Photo Courtesy: Danielle Helm
Diabetes is a condition where insulin is no longer produced, or produced in insufficient quantities to convert glucose from food into energy. With a lack of insulin, glucose from food is not turned into energy but remains in the blood stream, increasing the blood sugar levels to dangerously high levels.
Diabetes commencing in childhood, and which is insulin dependent, is known as Type I Diabetes. Type II Diabetes, which requires diet and medications other than insulin to be controlled, is usually diagnosed in adults, although more and younger people are being affected. The majority of people with Diabetes have type II (85-90%).
Diabetes and eating disorders
There are two types of eating disorders:
- Anorexia nervosa – which involves restricting food intake to dangerous levels,
- Bulimia nervosa – which involves over-eating to binge levels and unhealthy measures to remove the food via laxatives or vomiting.
Adolescents and young women are recognized as being at a higher risk of suffering from eating disorders than the general population. This risk is increased in those with diabetes because of the following reasons:
- Food restriction is a major component of managing diabetes.
- Anxiety and depression, which are factors in eating disorders, can also be prevalent in individuals with a long-term, chronic illness such as diabetes.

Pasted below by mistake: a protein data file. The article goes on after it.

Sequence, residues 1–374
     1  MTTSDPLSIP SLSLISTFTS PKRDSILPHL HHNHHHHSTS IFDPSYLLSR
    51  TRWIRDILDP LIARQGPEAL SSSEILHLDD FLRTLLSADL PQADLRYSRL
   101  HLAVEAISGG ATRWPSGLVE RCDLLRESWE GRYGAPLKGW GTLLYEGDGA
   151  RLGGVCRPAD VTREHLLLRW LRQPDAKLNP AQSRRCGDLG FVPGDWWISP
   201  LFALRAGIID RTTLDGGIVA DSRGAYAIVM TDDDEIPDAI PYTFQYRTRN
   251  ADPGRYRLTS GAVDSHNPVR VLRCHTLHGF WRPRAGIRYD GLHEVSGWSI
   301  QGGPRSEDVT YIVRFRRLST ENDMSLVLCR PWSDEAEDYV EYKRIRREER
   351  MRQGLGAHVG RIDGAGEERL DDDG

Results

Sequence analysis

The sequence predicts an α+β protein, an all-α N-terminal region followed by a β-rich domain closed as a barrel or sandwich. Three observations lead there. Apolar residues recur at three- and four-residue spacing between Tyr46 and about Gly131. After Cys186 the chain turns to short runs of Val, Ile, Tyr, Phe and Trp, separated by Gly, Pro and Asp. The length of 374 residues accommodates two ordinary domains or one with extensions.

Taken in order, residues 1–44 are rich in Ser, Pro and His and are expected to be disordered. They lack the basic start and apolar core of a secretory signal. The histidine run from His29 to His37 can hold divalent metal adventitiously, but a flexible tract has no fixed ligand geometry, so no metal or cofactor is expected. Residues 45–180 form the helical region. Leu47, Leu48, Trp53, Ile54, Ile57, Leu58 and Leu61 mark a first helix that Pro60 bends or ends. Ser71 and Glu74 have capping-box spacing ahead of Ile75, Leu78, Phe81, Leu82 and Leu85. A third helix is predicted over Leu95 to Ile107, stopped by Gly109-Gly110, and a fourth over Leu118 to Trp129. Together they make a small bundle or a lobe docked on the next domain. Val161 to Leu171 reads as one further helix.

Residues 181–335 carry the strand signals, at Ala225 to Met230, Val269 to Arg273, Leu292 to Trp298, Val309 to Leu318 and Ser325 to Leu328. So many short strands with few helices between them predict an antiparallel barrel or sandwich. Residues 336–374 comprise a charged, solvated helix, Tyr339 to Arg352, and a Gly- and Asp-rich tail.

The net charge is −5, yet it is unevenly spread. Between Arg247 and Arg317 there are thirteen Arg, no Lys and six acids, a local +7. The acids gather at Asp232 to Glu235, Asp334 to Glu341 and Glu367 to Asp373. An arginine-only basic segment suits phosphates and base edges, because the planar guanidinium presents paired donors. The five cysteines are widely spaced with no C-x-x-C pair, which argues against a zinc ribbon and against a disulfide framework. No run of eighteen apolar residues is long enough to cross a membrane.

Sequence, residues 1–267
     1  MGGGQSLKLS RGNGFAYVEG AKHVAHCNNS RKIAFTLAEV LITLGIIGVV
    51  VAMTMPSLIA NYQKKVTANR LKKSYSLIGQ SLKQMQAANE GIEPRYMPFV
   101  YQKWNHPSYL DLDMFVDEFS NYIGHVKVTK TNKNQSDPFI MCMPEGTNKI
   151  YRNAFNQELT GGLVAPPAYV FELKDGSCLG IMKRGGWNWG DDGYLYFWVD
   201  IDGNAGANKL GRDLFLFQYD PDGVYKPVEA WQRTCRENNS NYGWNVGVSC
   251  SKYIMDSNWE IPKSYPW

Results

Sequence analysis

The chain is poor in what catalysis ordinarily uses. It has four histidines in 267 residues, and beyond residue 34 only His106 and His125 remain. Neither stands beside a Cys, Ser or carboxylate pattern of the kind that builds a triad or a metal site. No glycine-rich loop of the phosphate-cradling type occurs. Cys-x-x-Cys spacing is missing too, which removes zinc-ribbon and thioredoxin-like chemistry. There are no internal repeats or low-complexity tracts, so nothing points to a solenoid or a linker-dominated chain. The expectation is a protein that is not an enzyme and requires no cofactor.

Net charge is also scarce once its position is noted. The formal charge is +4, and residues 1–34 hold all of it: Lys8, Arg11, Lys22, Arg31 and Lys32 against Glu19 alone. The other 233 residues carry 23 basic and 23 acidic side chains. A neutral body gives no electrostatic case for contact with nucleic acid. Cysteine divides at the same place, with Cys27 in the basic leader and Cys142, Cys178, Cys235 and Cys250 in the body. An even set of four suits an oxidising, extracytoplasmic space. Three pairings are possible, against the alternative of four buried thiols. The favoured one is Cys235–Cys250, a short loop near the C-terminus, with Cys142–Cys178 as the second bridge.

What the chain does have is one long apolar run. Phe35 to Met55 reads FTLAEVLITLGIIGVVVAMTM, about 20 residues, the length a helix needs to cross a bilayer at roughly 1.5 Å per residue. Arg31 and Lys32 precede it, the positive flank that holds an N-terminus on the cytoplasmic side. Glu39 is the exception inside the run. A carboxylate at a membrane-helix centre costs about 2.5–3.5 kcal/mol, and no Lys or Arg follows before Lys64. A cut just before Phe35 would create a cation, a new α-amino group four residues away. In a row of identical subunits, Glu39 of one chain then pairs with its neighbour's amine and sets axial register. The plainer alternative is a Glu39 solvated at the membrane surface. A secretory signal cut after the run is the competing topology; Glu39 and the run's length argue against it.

- Unstable diabetics who suffer from low blood sugar levels need to increase their sugar intake to raise their levels quickly; the increase in sugary and high carbohydrate foods can cause weight gain and so stimulate anxiety about body image which may lead to an eating disorder.
- To carry oxygen around your body, haemoglobin links with sugars such as glucose. The more glucose in the blood, the more haemoglobin can be linked. The percentage of linked haemoglobin can be measured – and unexplained elevated levels can indicate an eating disorder.
- Unstable diabetes resulting in repeated episodes of high blood sugar levels.
- Change in eating patterns and extreme concerns about body image.
- Intense exercise.
- Absence or reduction in menstruation in women.
Signs of an eating disorder in a diabetic
As you can see, many of these signs are not limited to individuals with diabetes – but in a person with diabetes, their presence complicates the management of their condition.
Effects of an eating disorder on a diabetic
The effects of an eating disorder on an individual with diabetes are related to both high and low blood sugar levels:
- High glucose levels caused by missing or a reduction of insulin dosages, leading to diabetic ketoacidosis – a potentially life-threatening condition if left untreated.
- Low glucose levels caused by food restriction or vomiting can lead to fainting, sweating, headaches, anxiety, blurred vision and weakness.
Ultimately, an eating disorder in a diabetic causes an instability in both the insulin and glucose levels leading to an exacerbation of complications such as kidney disease, blindness and impaired circulation.
If you want to learn more about eating disorders and their treatment – contact one of the leaders in the field – The Ellern Mede Service for Eating Disorders in London.
Susan Glover is an independent writer specializing on health issues and based in Barcelona, Spain. In her free time, Susan is a hiker, swimmer and semi-professional salsa dancer.